Provides control over the resources available to the shell and to processes started by it, on systems that allow such control.
Frequently used options
Report all current limits.
The maximum number of processes available to a single user.
The maximum number of file locks.
The maximum amount of memory available to the shell, in kilobytes.
Indicates that a hard limit is being specified.
Indicates that a soft limit is being specified.
View the current limits for a user:
ulimit -acore file size (blocks, -c) 0 data seg size (kbytes, -d) unlimited scheduling priority (-e) 0 file size (blocks, -f) unlimited pending signals (-i) 8192 max locked memory (kbytes, -l) 32 max memory size (kbytes, -m) unlimited open files (-n) 1024 pipe size (512 bytes, -p) 8 POSIX message queues (bytes, -q) 819200 real-time priority (-r) 0 stack size (kbytes, -s) 10240 cpu time (seconds, -t) unlimited max user processes (-u) 8192 virtual memory (kbytes, -v) unlimited file locks (-x) unlimited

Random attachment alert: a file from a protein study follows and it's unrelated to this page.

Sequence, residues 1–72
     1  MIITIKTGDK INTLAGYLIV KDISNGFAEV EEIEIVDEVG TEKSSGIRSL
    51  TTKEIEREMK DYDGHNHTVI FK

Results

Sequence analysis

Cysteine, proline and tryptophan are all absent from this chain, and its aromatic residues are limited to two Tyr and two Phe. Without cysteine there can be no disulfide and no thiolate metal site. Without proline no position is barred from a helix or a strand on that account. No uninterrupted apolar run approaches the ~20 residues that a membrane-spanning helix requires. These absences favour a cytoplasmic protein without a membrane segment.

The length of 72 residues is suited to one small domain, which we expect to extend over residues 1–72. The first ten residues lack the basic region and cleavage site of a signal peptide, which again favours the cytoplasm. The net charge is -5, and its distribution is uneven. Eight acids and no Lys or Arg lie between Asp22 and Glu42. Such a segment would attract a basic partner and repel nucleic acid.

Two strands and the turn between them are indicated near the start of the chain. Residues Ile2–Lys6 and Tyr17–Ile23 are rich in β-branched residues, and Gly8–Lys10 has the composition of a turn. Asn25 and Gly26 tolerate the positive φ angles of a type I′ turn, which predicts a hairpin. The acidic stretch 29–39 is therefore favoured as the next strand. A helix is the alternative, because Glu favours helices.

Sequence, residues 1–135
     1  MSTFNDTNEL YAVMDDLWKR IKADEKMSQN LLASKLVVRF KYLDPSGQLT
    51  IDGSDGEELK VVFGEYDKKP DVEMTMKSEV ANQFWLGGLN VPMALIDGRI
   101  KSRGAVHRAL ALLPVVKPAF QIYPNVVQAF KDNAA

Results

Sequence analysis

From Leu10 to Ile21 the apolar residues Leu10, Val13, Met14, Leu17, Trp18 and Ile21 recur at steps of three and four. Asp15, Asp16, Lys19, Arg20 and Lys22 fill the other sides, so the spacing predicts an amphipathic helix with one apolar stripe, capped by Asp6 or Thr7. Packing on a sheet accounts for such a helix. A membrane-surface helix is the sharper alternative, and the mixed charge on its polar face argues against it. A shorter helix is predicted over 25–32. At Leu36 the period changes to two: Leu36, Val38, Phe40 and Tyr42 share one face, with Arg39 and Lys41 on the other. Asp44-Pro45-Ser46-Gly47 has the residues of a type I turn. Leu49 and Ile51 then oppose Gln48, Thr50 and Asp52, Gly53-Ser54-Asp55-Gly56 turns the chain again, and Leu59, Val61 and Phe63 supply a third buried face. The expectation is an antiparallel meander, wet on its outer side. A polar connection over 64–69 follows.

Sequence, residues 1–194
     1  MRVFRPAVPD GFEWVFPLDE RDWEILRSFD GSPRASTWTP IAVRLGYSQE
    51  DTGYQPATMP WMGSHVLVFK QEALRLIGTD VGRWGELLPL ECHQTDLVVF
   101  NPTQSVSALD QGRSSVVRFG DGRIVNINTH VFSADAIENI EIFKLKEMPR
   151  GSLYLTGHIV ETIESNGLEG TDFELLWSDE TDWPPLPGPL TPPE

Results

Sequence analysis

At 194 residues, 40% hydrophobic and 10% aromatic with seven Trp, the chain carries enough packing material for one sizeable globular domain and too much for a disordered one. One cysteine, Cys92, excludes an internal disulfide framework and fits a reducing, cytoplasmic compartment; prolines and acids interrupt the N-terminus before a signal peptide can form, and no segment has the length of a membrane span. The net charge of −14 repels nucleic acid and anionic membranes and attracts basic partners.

Limits are defined on Linux as being either hard or soft limits. A hard limit is set by the superuser for a user or group of users and cannot be exceeded. A soft limit is also set by the superuser, but it may be temporarily overridden by a user if the need arises (by the user calling the ulimit command). For example, a user may have a soft limit of 100 on the maximum number of open files, with a hard limit of 1,000. If the user is running ...